Put the water and kombu in a large stockpot and let steep for 30 minutes without heating. Bring to a boil over medium heat, and then remove the kombu. Add 2 tbsp. of cold water to bring the temp down, and then add the bonito, stirring once before bringing back to a boil. Reduce to a simmer for 5 minutes, skimming any scum off the top. Let the liquid steep off heat for another 15 minutes, then strain through a cheesecloth. Discard the bonito.
2 cups soy sauce
½ cup mirin
3 tablespoons sugar
Bring all three ingredients to a boil over high heat. Reduce to a simmer and cover for 8 minutes. Remove from heat and let come to room temperature. The curry udon calls for a little over half a cup, so use the extra for the beef marinade or dipping sauce, and store the rest in the fridge.
6 cups dashi
½ cup plus 2 tbsp. kaeshi
6 tbsp. mirin
Combine dashi, kaeshi, and mirin. This is the main soup broth.
Start heating a large pot of water to prepare the udon. Thaw the beef in the microwave if necessary-it doesn’t need to be completely unfrozen, just enough to break the pieces apart.
Heat the sesame oil in a large, deep skillet over medium high heat (a dutch oven or similar style pot will also work well). When water flicked on the surface sizzles immediately, add the beef trimmings in a single layer and cook on each side for 2-3 minutes, so the beef develops a deep brown sear. Remove the beef to a small plate or bowl with tongs, leaving the beef fat in the pan.
Add the pork belly and stir constantly until the meat turns white. Turn heat down to medium and add the onions, stirring frequently until the onions are translucent and softened. Add the curry powder while stirring and toast for about 10 seconds, being careful not to burn the curry. Add the broth and return the beef to pan, along with any juices accumulated on the plate. Stir occasionally for a few minutes until the liquid is simmering, and then add the potato starch mixture. Stir constantly for 30 seconds, reducing heat to low once the liquid thickens. The soup is now ready to serve, but it can be kept warm like this for 30-40 minutes. The noodles cook in about 30 seconds in boiling water, so this is a great recipe if you need some time flexibility (like if you have a husband who works on messy projects that aren’t always pause-able).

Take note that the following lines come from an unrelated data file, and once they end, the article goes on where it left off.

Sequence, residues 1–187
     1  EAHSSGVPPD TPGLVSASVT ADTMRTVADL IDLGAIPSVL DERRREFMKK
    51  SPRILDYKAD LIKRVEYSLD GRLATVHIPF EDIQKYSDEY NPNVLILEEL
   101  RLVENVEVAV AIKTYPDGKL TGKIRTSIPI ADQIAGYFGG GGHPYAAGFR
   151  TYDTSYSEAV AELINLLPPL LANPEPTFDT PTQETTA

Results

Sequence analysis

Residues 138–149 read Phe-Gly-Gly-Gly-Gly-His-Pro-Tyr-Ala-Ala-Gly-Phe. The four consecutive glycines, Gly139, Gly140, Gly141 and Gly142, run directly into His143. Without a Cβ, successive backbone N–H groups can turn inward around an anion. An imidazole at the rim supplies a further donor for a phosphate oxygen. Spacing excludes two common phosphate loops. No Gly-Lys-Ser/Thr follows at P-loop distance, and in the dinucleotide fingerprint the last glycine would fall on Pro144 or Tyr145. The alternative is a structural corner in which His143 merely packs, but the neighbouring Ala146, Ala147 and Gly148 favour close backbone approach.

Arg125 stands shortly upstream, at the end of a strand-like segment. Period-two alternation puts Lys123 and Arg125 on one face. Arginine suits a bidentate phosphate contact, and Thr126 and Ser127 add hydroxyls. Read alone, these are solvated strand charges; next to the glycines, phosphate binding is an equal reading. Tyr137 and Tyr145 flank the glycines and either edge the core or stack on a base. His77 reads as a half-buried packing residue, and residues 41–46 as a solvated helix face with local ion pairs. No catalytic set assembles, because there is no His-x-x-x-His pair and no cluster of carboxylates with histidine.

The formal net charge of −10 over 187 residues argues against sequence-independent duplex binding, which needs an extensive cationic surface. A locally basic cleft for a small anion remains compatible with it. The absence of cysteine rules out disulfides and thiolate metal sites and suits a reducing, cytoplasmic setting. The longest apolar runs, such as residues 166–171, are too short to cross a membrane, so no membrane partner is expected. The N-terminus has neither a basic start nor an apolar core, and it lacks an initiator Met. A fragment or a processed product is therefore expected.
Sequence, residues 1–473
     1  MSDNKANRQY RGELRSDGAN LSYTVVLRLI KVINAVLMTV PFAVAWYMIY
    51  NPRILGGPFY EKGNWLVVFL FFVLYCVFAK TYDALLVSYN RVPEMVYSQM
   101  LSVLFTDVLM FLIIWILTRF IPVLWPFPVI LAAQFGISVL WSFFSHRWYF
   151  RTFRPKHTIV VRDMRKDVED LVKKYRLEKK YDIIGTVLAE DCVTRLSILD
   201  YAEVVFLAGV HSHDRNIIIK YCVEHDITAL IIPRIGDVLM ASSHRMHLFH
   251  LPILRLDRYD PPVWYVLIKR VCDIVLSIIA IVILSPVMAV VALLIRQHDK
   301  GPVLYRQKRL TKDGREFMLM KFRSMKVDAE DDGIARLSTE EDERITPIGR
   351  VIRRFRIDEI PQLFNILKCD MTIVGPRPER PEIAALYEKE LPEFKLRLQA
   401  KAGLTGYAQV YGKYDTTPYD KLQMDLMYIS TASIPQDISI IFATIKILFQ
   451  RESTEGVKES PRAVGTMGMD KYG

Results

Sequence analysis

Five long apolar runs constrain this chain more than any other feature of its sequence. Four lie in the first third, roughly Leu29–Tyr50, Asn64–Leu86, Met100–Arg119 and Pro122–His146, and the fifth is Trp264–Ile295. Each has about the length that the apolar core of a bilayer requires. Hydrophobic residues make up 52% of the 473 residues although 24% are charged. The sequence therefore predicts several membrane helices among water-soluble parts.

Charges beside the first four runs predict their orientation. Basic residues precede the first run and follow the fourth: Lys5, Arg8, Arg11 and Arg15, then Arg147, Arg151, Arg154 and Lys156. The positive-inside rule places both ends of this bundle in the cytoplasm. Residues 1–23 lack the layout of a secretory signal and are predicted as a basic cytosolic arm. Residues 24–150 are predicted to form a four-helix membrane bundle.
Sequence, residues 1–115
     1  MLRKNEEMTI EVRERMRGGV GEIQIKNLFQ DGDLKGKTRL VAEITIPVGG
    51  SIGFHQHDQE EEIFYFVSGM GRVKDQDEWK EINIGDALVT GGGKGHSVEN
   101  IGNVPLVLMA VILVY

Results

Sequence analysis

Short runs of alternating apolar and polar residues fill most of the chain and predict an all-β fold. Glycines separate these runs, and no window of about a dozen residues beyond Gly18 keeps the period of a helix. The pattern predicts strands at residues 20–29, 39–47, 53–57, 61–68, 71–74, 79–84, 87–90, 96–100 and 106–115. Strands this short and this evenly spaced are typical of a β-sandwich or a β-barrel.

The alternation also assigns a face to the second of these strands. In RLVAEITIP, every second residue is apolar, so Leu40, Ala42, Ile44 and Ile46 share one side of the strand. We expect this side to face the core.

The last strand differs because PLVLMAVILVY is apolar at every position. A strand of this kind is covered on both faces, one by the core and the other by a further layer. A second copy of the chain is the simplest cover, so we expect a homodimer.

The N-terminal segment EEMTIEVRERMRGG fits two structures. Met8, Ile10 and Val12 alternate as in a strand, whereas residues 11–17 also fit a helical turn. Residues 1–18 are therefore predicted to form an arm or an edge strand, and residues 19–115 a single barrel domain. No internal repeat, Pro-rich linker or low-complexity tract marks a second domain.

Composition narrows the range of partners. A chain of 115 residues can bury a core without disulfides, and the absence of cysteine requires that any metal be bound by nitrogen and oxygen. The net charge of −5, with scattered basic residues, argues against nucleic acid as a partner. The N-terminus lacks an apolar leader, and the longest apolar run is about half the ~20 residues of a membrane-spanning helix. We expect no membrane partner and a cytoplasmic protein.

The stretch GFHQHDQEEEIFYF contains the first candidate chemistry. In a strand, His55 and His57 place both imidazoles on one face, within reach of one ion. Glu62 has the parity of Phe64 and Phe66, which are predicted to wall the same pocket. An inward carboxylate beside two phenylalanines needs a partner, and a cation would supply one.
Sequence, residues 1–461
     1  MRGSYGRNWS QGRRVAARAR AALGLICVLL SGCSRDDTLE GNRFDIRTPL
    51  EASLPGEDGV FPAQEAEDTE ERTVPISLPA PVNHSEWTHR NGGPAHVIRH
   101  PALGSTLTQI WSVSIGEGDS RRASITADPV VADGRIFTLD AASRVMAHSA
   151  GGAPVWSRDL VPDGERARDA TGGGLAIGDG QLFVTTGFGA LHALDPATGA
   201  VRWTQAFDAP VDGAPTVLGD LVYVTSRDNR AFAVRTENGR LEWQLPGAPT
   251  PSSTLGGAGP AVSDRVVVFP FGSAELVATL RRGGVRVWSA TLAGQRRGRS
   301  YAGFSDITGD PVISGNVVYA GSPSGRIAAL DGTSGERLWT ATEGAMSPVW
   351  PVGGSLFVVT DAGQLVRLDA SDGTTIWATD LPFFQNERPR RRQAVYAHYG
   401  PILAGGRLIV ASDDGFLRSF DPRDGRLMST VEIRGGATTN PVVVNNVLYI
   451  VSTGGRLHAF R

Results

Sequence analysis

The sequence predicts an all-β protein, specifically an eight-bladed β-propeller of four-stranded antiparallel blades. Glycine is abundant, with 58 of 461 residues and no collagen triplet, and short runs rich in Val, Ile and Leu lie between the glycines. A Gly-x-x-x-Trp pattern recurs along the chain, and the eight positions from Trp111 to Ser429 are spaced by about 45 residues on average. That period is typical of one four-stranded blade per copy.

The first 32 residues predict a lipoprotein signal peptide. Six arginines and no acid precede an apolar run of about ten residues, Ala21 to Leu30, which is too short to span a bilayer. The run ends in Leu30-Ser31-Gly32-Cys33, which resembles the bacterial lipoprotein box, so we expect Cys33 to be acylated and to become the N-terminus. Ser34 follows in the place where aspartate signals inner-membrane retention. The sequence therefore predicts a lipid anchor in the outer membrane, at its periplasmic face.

Prepare the beef just before serving. If making a steak bite style topping, marinate bite sized pieces in just enough liquid to cover them for five minutes, and then broil on high for 90 seconds on one side and 60 seconds on the other. If you prefer sliced beef, freeze the steak for about 10 minutes before you cut it, and then slice it as thin as possible. Add to soup and simmer until desired doneness-it will cook quickly, and continue to cook in the bowl, so be sure to serve it a skosh underdone. If you’re feeling fancy, shaved ribeye is excellent in soups like this-it cooks so quickly you can just add it to the bowl when serving, and it will cook in the heat of the soup. If you’ve ever had beef pho, you know what I’m talking about.
When ready to serve, boil the frozen udon noodles until they soften and break apart. The noodles are already cooked, so you’re just thawing them. Divide them evenly among four bowls, and top with soup. Salty and Shake don’t like onions or pork belly, but they’re easy to avoid with a large ladle, so if you have any picky eaters help’em out. Top with steak, or make sure all the steak is out of the pan. Garnish with scallions and enjoy with chopsticks, a large spoon, and plenty of slurping. Itadakimasu!!